The Beauty in the Beast shows how Waste-to-Energy can help Europe in its ambition to reach climate neutrality, reduce pollution, and move towards a more circular economy.

With its five stories, the Beauty in the Beast is an invitation to look behind the surface and to better understand a sector too often overlooked in its potential.

Non-recyclable waste still accounts for around half of the whole municipal waste generation in the EU, and can only be treated by Waste-to-Energy or landfills. Waste-to-Energy(WtE) is the most sustainable solution as it prevents methane emissions and land occupation caused by landfills, and re-injects valuable resources in our society, reducing the need for a virgin generation of energy and materials.

The Beauty in the Beast campaign calls European policymakers to:

Foster a functioning secondary raw material market

As a complementary tool to separate collection and recycling, the recovery of materials in Waste-to-Energy plants helps secure Europe resources. Strong incentives, transparent quality criteria, and the setup of a viable European secondary raw material market are key to achieve this goal.

Support innovation for the treatment of non-recyclable waste

Waste-to-Energy technologies have significantly improved through the last decades and have helped export EU standards worldwide. Modern Waste-to-Energy plants showcase this know-how technologically and provide their community with innovative features.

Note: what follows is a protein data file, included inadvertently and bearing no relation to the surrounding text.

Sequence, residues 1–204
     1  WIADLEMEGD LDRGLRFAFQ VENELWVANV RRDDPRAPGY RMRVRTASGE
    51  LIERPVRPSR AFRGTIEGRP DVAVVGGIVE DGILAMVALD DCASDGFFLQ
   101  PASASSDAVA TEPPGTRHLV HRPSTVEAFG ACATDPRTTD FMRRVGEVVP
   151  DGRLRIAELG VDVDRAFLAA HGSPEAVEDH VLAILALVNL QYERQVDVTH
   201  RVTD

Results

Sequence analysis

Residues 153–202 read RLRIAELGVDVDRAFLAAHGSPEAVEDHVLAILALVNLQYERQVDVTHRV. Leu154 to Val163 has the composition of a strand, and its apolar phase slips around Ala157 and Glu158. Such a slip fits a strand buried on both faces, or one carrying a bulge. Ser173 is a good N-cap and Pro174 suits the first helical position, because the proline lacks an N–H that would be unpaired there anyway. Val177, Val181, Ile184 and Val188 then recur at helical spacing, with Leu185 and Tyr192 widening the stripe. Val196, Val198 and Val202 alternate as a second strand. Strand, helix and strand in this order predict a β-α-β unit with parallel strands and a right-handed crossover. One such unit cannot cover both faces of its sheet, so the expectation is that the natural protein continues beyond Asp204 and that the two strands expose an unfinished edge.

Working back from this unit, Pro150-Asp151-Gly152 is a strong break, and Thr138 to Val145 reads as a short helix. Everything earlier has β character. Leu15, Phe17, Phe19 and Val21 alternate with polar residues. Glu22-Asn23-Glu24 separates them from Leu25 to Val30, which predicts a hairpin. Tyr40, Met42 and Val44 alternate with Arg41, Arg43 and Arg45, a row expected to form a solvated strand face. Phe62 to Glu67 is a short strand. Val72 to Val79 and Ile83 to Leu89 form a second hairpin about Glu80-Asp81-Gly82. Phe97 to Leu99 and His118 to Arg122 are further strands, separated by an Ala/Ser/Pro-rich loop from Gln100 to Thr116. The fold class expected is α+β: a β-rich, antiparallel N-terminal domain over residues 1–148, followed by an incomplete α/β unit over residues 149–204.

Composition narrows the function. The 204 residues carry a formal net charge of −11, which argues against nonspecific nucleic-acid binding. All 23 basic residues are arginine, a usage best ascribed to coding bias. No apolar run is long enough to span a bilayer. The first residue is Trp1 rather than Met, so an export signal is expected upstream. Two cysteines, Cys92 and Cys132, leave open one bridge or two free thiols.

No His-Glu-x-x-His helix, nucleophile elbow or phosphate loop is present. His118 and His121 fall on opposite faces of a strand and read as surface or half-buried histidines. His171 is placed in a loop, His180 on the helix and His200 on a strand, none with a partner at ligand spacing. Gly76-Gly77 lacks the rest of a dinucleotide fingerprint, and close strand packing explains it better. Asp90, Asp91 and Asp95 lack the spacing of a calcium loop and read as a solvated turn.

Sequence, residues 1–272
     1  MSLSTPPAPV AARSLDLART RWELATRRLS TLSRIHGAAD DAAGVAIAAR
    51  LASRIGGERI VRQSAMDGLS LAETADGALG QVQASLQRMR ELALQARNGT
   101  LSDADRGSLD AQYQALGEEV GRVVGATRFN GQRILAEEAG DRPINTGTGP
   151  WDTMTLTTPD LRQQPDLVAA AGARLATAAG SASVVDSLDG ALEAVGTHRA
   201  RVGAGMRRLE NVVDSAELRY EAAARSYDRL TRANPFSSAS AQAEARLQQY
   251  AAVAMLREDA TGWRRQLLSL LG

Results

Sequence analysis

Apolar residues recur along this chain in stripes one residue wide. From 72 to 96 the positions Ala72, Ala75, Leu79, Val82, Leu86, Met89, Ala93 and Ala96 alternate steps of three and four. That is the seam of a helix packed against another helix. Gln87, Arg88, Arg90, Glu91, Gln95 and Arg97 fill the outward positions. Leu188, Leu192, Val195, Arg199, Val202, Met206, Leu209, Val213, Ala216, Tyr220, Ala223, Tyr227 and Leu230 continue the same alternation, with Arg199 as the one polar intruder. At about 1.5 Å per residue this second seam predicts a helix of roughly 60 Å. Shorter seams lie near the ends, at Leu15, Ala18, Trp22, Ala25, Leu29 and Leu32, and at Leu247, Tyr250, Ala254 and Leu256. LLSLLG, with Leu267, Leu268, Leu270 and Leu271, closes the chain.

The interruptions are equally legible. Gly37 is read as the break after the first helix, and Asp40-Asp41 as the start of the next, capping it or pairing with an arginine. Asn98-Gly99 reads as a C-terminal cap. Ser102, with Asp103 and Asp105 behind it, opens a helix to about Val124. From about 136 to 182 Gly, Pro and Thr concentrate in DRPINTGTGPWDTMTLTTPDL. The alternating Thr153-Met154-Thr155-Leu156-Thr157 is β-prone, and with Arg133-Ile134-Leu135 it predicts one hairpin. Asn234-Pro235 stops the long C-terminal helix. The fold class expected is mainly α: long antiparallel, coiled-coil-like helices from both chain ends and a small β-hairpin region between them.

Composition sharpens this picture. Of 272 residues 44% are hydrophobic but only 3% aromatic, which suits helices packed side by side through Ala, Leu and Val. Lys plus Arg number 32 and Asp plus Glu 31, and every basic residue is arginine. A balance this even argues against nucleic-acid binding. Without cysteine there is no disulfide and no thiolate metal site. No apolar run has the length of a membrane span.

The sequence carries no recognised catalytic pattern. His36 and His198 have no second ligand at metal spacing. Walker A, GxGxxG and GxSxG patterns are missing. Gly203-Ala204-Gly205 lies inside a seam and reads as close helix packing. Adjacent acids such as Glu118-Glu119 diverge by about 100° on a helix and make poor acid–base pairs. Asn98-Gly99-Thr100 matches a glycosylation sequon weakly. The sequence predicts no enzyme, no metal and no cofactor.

Recognise Waste to Energy’s role for residual waste treatment

Sound waste management systems rely on a proper mix of different options across the waste hierarchy. Based on this synergy, non-recyclable waste treatment capacity should not be overlooked to prevent this waste from being dumped into landfills or made someone’s else problem on the other side of the world.

Help secure affordable energy and low-carbon fuels in Europe

Waste-to-Energy plants turn residual waste into heat, fuels, or electricity which can be used for various industrial processes – among others to produce hydrogen. Waste-to-Energy’s contribution to the provision of continuous energy and low-carbon fuels should be taken into account, as securing affordable energy in Europe will be essential to the green transition’s success.

Make carbon capture economically viable for waste management

Greenhouse gas emissions in the waste management sector could be first reduced by producing less waste. Yet, global waste generation is expected to increase by around 70% by 2050! Implementing CCUS technologies in Waste-to-Energy plants should be supported to reach climate-neutrality in Europe without sacrificing the safe treatment of non-recyclable waste.

Take a journey through five stories to discover the hidden beauties of Waste-to-Energy technologies.